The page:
Ontario government to bring in ‘pay transparency’ bill aimed at closing gender wage gap
TORONTO – It’s time to put an end to wage inequality between women and men, Ontario’s premier said Tuesday, as she announced legislation that aims to increase pay transparency in the province.
Kathleen Wynne, whose Liberals have been championing fairness as they bid for re-election this spring, said action was needed on the issue.
“We’ve got to pay attention to the reality of women’s lives,” she said while detailing legislation that was to be introduced Tuesday afternoon. “They still are not paid the same as men are paid. They still, at a very young age, have their horizons limited. We have got to stop doing that to them.”
The wage gap between women and men in Ontario, Wynne said, ranges anywhere between 12 per cent to 29 per cent depending on the workplace.
If passed, the government’s bill would require all publicly advertised job postings to include a salary rate or range, bar employers from asking about past compensation and prohibit reprisal against employees who do discuss or disclose compensation.
It would also create a framework that would require large employers to track and report compensation gaps based on gender and other diversity characteristics, and disclose the information to the province. If a company does not comply with the measures, it could face fines, Wynne said.
“Right now in workplaces there is resentment and hostility because information is not shared,” she said. “There’s suspicion about who is paid what. This policy is targeted exactly at that. I believe that people can deal with real information.”
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The pay transparency measures will begin with the Ontario public service before applying to employers with more than 500 employees. It will later extend to those with more than 250 workers.
The proposed legislation is part of the government’s strategy for women’s economic empowerment, which includes up to $50 million in funding over three years.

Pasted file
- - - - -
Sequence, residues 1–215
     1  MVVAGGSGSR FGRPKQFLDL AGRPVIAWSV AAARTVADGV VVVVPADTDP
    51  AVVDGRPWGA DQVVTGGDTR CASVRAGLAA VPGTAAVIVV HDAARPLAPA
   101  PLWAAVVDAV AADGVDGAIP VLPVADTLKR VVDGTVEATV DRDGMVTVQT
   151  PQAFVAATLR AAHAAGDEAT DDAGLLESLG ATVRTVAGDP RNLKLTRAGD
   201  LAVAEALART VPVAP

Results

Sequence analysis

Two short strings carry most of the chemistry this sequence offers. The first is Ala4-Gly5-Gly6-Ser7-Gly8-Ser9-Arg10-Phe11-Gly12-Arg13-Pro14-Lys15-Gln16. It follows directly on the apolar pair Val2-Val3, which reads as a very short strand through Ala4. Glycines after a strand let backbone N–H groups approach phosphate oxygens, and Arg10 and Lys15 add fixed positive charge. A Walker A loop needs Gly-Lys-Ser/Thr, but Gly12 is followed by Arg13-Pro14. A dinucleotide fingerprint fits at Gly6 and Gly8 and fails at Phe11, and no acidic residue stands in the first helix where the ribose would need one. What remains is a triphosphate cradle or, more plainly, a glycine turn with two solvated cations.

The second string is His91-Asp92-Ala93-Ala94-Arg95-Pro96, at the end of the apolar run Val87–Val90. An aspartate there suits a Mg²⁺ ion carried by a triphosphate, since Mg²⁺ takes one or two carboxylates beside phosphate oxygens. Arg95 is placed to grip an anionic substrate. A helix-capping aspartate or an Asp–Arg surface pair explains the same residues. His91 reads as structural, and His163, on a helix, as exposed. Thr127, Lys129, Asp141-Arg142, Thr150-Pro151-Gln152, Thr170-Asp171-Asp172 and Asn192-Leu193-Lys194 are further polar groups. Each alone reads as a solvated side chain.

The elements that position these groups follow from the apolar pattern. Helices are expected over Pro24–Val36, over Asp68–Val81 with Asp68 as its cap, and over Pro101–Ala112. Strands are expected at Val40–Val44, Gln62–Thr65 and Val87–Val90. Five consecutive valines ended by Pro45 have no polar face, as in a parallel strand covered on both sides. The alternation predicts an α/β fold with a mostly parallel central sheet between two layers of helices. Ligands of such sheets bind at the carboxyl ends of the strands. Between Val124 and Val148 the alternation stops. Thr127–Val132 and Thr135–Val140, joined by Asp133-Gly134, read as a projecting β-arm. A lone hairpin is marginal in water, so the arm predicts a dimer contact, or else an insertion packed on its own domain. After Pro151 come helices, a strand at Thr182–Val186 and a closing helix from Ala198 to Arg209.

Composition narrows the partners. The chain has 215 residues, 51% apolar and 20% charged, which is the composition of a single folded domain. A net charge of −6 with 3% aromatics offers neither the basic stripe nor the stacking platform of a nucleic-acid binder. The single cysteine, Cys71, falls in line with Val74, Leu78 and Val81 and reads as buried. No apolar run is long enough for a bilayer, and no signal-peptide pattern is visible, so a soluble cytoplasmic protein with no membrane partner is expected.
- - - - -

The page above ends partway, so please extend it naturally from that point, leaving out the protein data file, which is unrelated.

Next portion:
It is in line with other measures from Wynne’s Liberals that have been centred on fairness and opportunity, such as the province’s increase to minimum wage and expansion of drug coverage for people under age 25.
“The phrase I always use is that government exists to do the things that people can’t do by themselves,” Wynne said. “It is quite clear that individual women are not able to make these changes themselves.”
Ontario Labour Minister Kevin Flynn said the government has looked to other jurisdictions for the basis of its pay transparency legislation, including existing laws in Germany, Australia and the United Kingdom.
“We’re trying to learn as much as we can from the process that’s been employed in other jurisdictions,” he said. “They obviously targeted the larger companies first and went to the medium-sized after that.”
Flynn said other jurisdictions have been able to cut their wage gap to half of Ontario’s levels in a short time using such an approach. For example, Iceland’s wage gap currently ranges from 6 to 18 per cent, according to the Ministry of Labour.
“We figure we can move that quickly and that far within a period of three or four years,” he said. “We’ll be making progress that simply hasn’t been made to date.”
Fay Faraday, co-chair of the Fair Pay Coalition, which has been advocating for pay transparency, said the measures announced Tuesday were “timid” and applied to too few workplaces to be effective.
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Faraday said employers have had the legal obligation since the 1960s to pay non-discriminatory wages but “wide-spread non-compliance” with the laws has been allowed to exist because employees must come forward with complaints.
The legislation should be changed to ensure all employers, not just large companies, must prove to the government they’re paying fair wages to workers, she said.
“They’ve had five decades to get their wage structure in order to eliminate discrimination and time’s up,” Faraday said.
New Democrat Cindy Forster called the bill an attempt to shore up votes ahead of the election.
“The Liberal government has failed around pay gender issues for many, many years,” she said. “What I understand from just a first glance at the legislation on pay transparency is that it is a weak piece of legislation that isn’t really going to address the concerns for women.”
© 2018 The Canadian Press